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Gyrfaoedd i economegwyr yn Ofcom


Communications are crucial to the lives of UK citizens and consumers, and as the sector regulator Ofcom’s role is to ensure these markets work for everyone.

The fast-paced nature of the markets we oversee means this role is ever-changing, and economics provides a key basis for much of what we do.

The Economics Group is crucial to ensuring Ofcom's decisions are based on robust research and analysis. Ofcom's economists apply innovative conceptual thinking and a wide range of quantitative methods.

Luisa Affuso, Ofcom's Chief Economist
Luisa Affuso, Ofcom's Chief Economist

Ofcom has one of the largest competition and regulatory economics teams in the UK, with more than 60 economists working on issues related to TV, radio and video-on-demand sectors, fixed-line telecoms, mobile and postal services, plus the airwaves over which wireless devices operate.

In December 2020, the UK Government decided to appoint Ofcom as the new regulator for online harms. This means we will take on new responsibilities to protect children and vulnerable people when they are online and give everybody greater confidence to enjoy the huge benefits of being online safely. These new responsibilities will require new and innovative conceptual thinking, and the application of a wide range of quantitative methods.

Our work involves many stakeholders and uses a range of skills. For example, you might be working in teams that:

  • use behavioural economics to understand how people buy communication services and make it easier for them to switch provider;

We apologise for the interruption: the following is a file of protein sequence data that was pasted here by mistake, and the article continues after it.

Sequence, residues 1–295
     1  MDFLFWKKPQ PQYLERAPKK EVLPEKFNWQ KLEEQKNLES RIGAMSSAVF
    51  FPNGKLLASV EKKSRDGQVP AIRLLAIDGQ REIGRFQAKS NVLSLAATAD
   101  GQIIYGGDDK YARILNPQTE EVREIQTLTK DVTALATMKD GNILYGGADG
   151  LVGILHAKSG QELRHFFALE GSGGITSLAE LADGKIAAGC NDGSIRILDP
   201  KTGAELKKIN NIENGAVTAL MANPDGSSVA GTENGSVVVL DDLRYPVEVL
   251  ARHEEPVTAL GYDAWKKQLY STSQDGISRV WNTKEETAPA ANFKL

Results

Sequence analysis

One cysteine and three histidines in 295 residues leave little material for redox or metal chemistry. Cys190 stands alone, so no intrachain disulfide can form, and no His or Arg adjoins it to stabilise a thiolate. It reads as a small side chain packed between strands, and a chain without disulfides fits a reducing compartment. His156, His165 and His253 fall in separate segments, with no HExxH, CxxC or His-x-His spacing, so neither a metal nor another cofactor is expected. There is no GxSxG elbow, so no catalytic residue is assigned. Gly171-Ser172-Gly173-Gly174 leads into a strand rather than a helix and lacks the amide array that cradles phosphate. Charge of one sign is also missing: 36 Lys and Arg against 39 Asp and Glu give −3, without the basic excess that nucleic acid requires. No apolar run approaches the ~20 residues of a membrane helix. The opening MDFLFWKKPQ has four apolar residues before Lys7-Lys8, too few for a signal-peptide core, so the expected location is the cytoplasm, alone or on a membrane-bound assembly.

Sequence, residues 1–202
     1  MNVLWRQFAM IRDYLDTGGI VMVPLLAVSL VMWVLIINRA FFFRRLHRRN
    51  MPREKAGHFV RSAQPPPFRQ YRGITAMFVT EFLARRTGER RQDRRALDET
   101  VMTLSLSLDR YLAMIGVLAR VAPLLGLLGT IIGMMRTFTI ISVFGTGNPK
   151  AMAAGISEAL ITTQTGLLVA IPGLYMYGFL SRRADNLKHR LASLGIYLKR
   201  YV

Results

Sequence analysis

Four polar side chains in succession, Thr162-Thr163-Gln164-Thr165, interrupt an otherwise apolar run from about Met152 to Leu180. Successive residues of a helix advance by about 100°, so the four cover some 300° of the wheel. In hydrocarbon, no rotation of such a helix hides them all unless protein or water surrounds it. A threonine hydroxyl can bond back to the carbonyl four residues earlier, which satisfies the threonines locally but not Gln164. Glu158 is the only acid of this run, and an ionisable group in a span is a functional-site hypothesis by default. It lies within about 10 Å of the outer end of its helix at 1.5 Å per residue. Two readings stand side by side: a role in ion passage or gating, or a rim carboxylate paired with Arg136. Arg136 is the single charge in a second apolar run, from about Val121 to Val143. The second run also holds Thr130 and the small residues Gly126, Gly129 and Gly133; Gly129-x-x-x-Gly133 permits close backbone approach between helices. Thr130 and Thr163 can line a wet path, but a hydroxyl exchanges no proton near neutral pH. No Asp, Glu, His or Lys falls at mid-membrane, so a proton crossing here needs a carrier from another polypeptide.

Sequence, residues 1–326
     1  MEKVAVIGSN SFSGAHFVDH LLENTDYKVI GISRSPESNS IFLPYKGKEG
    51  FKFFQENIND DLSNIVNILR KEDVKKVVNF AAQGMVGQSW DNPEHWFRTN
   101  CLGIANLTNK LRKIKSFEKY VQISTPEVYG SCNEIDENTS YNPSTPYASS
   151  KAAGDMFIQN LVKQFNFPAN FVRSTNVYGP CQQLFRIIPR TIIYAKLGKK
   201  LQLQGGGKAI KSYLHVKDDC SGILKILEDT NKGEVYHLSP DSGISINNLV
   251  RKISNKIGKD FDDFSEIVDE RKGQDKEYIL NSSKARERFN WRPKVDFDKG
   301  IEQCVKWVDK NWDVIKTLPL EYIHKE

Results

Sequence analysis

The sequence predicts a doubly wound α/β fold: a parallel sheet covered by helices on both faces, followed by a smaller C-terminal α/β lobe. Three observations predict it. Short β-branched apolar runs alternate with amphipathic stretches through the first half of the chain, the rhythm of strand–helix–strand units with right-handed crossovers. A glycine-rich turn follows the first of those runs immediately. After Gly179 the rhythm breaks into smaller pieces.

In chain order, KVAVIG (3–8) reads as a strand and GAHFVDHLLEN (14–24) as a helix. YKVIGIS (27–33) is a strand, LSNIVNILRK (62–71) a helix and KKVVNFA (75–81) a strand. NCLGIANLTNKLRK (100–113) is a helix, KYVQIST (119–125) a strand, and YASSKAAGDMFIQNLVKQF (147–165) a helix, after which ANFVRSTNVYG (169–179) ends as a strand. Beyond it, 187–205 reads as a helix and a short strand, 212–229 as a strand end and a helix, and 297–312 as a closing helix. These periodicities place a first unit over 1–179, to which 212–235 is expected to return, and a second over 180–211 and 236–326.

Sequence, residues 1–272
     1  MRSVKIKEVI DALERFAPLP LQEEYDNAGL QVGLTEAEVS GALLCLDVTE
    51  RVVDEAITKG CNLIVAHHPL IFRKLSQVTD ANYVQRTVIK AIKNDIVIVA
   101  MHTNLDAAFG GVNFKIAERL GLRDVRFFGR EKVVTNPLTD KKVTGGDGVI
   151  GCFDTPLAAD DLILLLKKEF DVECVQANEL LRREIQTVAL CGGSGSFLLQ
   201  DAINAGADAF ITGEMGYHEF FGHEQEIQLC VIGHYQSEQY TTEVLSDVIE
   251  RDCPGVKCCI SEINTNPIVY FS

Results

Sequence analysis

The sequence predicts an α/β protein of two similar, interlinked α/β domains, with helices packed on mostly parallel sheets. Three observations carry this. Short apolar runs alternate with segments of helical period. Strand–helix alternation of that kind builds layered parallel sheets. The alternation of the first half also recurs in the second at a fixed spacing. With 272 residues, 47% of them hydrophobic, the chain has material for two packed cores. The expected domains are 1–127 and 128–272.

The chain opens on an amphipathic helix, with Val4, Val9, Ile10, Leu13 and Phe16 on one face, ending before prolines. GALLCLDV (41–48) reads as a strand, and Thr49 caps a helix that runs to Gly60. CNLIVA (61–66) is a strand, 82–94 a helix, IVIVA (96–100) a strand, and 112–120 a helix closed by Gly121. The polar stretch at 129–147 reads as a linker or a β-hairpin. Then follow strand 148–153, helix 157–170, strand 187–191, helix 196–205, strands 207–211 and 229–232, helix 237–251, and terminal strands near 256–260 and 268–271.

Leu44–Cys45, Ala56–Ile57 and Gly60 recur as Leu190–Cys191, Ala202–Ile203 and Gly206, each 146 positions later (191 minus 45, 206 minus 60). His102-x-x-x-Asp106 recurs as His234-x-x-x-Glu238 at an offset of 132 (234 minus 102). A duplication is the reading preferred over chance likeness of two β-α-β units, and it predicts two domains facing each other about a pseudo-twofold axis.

• assess the potential positive and negative impact on the media sector of BBC services such as new TV channels and apps;
  • analyse competitive conditions in broadband markets using applied industrial organisation theory, and identify ways to address market power and promote competition in the build out of fibre networks;
  • provide financial insight and economic modelling to help ensure the provision of the universal postal service; and
  • adopt some of the principles of game theory and auction theory to inform the best ways to allocate portions of the airwaves over which wireless devices operate.

As an Ofcom economist, you will get involved in the issues straight away, helping to formulate policy options and considering what analysis and evidence is needed to reach robust decisions.

We recognise that not everyone has the same needs and we strive to offer flexible working arrangements to help manage work and personal commitments. We have family friendly policies that actively seek to support our colleagues and enable our teams to work in the most effective way. Opportunities are available in our London, Edinburgh, Cardiff or Belfast offices.